on April 24th 2018
Wall Street Journal and New York Times bestselling author Robert Dugoni’s coming-of-age story is, according to Booklist, “a novel that, if it doesn’t cross entirely over into John Irving territory, certainly nestles in close to the border.”
Sam Hill always saw the world through different eyes. Born with red pupils, he was called “Devil Boy” or Sam “Hell” by his classmates; “God’s will” is what his mother called his ocular albinism. Her words were of little comfort, but Sam persevered, buoyed by his mother’s devout faith, his father’s practical wisdom, and his two other misfit friends.
Sam believed it was God who sent Ernie Cantwell, the only African American kid in his class, to be the friend he so desperately needed. And that it was God’s idea for Mickie Kennedy to storm into Our Lady of Mercy like a tornado, uprooting every rule Sam had been taught about boys and girls.
Forty years later, Sam, a small-town eye doctor, is no longer certain anything was by design—especially not the tragedy that caused him to turn his back on his friends, his hometown, and the life he’d always known. Running from the pain, eyes closed, served little purpose. Now, as he looks back on his life, Sam embarks on a journey that will take him halfway around the world. This time, his eyes are wide open—bringing into clear view what changed him, defined him, and made him so afraid, until he can finally see what truly matters.
I’m beginning to learn that audiobooks either work or do not for me. There is no middle ground. I’m happy to report that The Extraordinary Life of Sam Hell definitely worked!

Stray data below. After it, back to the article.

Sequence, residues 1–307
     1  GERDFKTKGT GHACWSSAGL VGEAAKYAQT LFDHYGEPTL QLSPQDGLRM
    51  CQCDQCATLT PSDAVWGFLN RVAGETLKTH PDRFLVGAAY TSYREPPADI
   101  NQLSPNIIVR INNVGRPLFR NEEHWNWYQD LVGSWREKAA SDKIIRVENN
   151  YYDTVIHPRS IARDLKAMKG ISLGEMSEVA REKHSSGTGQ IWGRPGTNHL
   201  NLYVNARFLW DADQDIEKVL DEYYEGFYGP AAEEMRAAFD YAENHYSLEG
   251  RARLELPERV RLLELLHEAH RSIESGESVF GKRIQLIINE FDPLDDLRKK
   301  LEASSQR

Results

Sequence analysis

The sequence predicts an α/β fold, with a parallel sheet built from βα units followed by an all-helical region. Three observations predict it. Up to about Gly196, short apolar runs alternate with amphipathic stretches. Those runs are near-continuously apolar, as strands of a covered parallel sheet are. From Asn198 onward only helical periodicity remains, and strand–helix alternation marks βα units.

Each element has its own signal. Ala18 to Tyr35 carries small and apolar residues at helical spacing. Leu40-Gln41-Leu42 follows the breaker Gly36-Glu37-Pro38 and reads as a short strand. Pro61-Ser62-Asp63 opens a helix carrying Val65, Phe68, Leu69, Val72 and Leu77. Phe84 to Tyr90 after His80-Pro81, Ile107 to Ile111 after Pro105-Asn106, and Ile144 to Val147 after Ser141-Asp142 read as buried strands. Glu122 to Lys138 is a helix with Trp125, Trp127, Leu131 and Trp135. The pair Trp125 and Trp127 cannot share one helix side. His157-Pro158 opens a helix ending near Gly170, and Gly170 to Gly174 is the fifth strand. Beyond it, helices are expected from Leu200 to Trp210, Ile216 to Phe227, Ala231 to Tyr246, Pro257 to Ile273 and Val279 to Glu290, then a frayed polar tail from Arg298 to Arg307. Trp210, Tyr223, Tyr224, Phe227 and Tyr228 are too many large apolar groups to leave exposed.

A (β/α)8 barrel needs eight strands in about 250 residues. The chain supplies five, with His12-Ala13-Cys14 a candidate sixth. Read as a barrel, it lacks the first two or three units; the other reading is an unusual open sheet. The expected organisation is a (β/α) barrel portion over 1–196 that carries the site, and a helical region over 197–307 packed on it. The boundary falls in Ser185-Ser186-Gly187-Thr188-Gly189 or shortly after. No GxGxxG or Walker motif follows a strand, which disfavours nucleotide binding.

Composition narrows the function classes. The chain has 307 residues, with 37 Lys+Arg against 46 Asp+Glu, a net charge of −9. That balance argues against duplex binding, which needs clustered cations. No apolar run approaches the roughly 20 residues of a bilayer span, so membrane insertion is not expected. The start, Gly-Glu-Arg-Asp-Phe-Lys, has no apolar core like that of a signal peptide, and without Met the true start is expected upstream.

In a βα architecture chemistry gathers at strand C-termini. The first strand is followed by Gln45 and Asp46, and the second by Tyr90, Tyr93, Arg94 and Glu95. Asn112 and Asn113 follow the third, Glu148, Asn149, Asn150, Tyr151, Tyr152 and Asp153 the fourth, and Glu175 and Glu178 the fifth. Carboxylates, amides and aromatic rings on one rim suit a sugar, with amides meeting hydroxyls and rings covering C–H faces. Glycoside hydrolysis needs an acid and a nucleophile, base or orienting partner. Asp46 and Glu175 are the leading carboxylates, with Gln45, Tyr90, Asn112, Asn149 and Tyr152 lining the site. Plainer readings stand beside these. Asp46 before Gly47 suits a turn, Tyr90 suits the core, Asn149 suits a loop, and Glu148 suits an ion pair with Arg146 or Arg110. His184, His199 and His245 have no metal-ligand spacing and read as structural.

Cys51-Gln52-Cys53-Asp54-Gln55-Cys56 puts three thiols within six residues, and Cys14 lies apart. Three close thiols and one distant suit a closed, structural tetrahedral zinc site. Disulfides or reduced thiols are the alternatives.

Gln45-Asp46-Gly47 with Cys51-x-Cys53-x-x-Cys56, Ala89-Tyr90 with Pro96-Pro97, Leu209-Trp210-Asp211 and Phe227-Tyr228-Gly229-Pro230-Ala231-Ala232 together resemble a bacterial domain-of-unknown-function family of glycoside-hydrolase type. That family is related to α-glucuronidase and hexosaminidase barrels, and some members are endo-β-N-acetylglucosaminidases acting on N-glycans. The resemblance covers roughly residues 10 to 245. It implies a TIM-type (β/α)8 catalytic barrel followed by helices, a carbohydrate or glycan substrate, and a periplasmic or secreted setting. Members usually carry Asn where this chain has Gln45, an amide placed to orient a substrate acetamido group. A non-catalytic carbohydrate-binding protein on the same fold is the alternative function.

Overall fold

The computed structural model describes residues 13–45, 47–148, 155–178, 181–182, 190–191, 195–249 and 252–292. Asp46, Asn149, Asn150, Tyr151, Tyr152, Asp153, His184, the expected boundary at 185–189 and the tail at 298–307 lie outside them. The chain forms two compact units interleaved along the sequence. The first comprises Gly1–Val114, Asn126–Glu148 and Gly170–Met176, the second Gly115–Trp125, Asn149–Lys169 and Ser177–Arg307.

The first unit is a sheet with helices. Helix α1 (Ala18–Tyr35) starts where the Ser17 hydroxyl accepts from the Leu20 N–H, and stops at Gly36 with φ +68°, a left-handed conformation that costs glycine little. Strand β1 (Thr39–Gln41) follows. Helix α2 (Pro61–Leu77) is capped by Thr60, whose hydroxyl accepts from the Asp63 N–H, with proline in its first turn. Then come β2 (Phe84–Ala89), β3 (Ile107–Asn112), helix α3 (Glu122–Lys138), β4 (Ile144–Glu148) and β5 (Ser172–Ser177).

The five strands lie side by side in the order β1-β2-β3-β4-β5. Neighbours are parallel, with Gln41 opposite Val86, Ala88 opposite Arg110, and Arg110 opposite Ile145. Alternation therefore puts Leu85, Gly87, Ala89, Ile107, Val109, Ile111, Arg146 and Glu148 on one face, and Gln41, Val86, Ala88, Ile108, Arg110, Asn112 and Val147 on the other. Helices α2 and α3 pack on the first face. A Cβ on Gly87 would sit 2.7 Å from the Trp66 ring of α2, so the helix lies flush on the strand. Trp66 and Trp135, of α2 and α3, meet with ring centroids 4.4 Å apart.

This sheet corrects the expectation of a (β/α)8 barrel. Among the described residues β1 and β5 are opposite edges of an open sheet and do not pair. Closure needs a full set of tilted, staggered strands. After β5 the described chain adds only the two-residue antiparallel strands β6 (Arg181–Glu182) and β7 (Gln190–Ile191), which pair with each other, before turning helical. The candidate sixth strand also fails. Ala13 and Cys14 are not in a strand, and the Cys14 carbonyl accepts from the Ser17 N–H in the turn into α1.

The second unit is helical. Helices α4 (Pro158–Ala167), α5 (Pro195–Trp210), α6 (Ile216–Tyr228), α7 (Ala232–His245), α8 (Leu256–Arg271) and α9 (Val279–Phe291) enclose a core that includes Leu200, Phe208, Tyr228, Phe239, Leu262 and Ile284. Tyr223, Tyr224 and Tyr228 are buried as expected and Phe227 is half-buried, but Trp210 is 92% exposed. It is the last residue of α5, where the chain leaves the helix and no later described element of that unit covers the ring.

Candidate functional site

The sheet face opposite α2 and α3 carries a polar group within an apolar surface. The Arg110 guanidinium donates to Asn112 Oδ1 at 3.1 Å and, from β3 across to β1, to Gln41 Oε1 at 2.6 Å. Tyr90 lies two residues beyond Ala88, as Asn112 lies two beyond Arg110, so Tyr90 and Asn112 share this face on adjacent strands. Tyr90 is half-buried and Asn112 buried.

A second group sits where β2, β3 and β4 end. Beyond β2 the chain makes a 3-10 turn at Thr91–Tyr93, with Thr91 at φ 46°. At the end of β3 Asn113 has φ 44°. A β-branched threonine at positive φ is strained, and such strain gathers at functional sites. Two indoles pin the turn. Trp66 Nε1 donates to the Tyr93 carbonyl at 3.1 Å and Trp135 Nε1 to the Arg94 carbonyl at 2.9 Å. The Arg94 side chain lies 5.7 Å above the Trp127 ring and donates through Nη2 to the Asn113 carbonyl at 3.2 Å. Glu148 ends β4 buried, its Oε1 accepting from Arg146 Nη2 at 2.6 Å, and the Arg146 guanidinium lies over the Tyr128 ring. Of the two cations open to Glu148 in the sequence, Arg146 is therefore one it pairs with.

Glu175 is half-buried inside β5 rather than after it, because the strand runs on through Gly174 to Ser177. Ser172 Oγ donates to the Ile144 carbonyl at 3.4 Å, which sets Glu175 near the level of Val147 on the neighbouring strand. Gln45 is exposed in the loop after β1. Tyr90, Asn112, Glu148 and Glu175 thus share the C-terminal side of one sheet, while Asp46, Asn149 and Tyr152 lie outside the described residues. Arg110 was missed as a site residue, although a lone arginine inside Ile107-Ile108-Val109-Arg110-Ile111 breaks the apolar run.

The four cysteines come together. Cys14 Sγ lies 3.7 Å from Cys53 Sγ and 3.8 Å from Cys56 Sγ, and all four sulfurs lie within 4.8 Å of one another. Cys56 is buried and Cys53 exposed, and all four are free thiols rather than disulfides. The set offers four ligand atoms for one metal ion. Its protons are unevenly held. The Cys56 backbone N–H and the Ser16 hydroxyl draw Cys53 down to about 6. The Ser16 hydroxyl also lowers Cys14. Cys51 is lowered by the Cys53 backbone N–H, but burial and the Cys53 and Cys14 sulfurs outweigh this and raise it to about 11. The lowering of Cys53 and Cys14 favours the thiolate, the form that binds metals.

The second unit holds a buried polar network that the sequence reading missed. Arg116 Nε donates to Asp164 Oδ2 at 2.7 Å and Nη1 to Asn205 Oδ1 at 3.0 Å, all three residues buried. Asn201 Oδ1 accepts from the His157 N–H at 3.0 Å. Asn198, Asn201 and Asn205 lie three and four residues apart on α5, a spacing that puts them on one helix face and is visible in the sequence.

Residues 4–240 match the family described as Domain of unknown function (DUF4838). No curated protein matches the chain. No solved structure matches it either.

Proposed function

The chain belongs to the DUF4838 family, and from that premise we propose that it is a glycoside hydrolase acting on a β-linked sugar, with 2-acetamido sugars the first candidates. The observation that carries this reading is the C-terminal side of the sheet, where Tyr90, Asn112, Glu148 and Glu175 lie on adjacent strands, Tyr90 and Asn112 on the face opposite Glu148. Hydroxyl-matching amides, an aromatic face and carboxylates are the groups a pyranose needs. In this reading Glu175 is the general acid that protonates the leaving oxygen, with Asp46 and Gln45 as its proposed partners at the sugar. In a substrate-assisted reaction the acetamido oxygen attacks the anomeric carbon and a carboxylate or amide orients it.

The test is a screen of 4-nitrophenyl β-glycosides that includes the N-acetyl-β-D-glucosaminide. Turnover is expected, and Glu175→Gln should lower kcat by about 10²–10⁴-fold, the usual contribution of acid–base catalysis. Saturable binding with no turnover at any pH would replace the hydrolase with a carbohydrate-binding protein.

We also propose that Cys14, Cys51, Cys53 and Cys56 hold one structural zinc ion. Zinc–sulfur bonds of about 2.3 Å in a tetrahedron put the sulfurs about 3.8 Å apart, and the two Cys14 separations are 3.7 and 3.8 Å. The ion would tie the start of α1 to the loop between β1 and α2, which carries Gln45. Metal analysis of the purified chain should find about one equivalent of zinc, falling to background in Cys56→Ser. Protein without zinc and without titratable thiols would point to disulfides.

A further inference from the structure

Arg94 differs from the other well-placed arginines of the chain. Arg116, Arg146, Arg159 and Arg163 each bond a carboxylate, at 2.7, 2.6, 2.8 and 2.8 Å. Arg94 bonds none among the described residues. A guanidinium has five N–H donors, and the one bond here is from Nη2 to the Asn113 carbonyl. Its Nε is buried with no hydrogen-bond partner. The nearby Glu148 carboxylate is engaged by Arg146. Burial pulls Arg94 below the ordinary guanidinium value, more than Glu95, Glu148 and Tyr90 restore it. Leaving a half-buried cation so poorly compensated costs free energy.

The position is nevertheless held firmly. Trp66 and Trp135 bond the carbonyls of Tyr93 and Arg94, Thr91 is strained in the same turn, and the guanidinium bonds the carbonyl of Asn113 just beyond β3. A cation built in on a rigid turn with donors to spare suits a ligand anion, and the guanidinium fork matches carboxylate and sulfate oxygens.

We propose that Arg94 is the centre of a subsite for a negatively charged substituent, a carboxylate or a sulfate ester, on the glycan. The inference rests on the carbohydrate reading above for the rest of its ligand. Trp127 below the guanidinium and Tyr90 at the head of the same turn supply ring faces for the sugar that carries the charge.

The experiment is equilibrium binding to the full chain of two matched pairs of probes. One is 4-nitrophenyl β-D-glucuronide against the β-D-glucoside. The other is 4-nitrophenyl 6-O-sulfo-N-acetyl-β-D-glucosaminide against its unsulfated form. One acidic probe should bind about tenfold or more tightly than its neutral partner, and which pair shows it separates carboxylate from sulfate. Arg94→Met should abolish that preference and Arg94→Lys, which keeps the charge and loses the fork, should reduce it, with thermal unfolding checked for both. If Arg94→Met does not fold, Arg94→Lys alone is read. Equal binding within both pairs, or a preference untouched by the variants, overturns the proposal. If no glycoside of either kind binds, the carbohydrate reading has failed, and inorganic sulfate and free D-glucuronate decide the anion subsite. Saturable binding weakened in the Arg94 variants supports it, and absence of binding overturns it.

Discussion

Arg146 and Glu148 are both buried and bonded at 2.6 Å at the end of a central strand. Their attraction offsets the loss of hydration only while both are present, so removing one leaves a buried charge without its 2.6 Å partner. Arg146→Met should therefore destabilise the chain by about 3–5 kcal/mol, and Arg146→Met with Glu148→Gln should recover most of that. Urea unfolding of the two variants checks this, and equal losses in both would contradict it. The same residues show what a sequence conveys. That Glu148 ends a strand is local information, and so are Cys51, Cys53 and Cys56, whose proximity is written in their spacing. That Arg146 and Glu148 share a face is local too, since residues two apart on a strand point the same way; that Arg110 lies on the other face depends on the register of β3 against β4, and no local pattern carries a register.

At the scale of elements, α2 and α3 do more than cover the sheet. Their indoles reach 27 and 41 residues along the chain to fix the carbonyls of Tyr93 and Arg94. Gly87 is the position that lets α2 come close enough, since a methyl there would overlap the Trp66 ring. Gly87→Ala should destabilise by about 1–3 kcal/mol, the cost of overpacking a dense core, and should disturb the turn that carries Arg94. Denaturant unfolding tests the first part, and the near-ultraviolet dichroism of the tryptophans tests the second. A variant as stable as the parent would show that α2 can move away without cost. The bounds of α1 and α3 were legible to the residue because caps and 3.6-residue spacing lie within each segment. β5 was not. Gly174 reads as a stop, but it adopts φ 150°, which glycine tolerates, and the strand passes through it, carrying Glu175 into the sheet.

There are many things I loved about this book but my overwhelming response upon finishing it was Wow, this book was so refreshing! I can’t recall the last time I read a book centered around a likable protagonist with an amazing and supportive family. That’s not to say that there wasn’t plenty of adversity. To be sure, there was. In fact, this book covered a great many weighty topics including bullying, racism, domestic abuse, and child abuse. These topics were addressed, however, with sensitivity and in such a way as to convey hope and a sense of justice in most cases.
As for the characters, Robert Dugoni does an amazing job of presenting us with a carefully constructed cast spanning the spectrum between good/almost perfect and pretty darn evil. What really stuck with me is how he managed to give us an understanding of how even the most unlikable characters became the way they are without excusing their behavior. Sam’s friends Mickey and Ernie were quite lovable and a beautiful reminder that our circle does not need to be large to be full. As for his parents, I can only say that everyone should have parents like Sam’s.
Another refreshing and interesting aspect of this book was the role of religion. Sam’s mother is a devout, walk-the-walk Catholic who isn’t afraid to go toe-to-toe with the intimidating Sister Beatrice at Our Lady of Mercy. I loved her for that. She was decidedly not, as his father would have called it, a “Christmas Catholic”. She was the real deal. While the church was not made out to be perfect, neither were it’s faults gratuitously sensationalized. I found Sam’s struggle with his religious beliefs to be very realistic. And while religion plays a role in the book, it’s never, ever preachy.
Overall, I loved The Extraordinary Life of Sam Hell. The audiobook was performed by the author and he did a fabulous job bringing the characters and story to life. In fact, I’m rather glad I listened to this one. I think I may have had an even better experience than if I’d read it. I haven’t read Robert Dugoni’s Tracy Crosswhite series but I would definitely read his work in the future.